In academic writing, you will often need to use sources, identified through research, to support the claims in your essays. The use of sources involves a process that includes analysis, coding, paraphrasing, and summarizing. The purpose of this process is to demonstrate that the ideas and claims in an essay are more than the writer's opinions. By supporting arguments with fact-based evidence, effective research increases the audience's willingness to accept them. Research is also one of the ways in which writers participate in an academic conversation involving the ideas, topics, and issues related to an essay. During research, writers often locate more sources than they can use. It is important to choose the sources that best suit your purposes.
There are three primary criteria to consider when conducting research:
Primary sources are documents or objects that are as close to the source topic or event as possible. These sources are identified through careful analysis by writers. For most essays, primary sources are required to build original, relevant ideas and claims.
Primary sources come in many forms. Following are some of the most common:
All of these can be used as primary sources: they can be analyzed and discussed to advance the goals of an essay.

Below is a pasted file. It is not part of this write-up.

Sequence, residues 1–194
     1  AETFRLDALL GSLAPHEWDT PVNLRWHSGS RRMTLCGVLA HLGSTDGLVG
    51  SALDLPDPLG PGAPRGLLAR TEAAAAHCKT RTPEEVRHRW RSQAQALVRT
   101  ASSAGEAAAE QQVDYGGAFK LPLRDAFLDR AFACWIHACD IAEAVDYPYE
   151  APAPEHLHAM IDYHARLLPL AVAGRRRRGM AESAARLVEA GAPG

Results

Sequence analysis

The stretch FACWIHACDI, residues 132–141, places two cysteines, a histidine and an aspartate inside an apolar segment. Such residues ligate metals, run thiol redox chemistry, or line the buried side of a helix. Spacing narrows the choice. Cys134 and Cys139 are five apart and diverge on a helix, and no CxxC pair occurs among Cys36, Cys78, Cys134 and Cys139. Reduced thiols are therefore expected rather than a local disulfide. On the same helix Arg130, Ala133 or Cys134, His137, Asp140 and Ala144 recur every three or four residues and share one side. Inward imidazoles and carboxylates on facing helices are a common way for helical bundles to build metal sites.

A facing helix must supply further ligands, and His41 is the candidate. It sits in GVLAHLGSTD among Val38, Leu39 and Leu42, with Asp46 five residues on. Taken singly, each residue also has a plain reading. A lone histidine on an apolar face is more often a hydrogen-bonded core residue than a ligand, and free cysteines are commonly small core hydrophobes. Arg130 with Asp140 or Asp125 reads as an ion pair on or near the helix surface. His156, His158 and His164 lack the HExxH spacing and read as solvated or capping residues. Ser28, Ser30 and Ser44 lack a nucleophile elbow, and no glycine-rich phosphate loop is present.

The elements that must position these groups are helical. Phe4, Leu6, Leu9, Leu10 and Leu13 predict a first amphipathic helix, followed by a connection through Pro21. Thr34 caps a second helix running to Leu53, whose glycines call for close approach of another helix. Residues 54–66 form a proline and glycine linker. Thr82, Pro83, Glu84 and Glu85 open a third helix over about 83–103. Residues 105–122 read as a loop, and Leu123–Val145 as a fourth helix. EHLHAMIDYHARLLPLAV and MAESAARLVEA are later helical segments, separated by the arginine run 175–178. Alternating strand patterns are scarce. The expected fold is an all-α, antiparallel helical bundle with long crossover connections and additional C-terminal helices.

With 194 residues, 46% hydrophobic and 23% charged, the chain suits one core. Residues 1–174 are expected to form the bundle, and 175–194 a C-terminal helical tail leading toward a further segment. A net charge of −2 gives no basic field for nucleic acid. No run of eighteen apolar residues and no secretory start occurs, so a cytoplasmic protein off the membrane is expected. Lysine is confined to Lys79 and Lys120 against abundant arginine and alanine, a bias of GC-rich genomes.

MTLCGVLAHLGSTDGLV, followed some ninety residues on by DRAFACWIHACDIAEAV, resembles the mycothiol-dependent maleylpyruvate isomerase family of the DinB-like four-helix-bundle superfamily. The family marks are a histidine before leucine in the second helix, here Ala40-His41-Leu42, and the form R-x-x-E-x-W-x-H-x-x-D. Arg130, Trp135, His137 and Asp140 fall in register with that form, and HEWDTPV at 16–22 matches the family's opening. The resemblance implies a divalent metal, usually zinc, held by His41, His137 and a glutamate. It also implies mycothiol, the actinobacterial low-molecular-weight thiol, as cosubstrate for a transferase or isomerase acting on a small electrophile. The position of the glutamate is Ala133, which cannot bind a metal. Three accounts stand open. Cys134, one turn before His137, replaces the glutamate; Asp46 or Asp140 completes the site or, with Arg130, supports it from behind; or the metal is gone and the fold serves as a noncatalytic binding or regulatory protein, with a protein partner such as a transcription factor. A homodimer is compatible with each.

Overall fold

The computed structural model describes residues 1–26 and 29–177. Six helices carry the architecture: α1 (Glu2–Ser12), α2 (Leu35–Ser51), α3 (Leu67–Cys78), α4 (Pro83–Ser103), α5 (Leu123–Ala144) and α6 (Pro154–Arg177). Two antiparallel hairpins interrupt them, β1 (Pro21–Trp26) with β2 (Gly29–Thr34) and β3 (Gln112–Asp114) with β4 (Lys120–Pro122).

Secondary sources are one of the most common types of sources used to support research papers. They are expressions of original research related to primary sources: therefore, they are one step further removed from the source topic or event. However, secondary sources can sometimes be more useful than the primary sources to which they are related. They often contain analysis of, and thoughts about, the primary source that can help writers to understand it better.
Secondary sources usually follow specific conventions related to a particular field of study. Writers in many fields can use secondary sources for several reasons:
The most common forms of secondary sources include articles (from academic journals and other publications), books, opinion-based essays (e.g,, editorials), biographies, textbooks, and treatises.
Tertiary sources are compilations or syntheses of research, data, or other information. In addition to providing factual information, they sometimes present an overview of a field or topic. However, because tertiary sources are not primary or based on original research, they are usually less valuable and relevant than primary and secondary sources. However, tertiary sources are sometimes a good place to begin researching a topic because they often lead to the secondary and primary sources from which they were compiled or synthesized.
Tertiary sources include dictionaries and encyclopedias (and their online counterparts — e.g., Wikipedia). Handbooks, tables, and literary reviews that summarize a collection of related secondary sources may also be useful tertiary sources.
Tertiary sources can be useful during preliminary or introductory research (i.e., research that increases writers' understanding of a topic, and directs them to secondary and primary sources).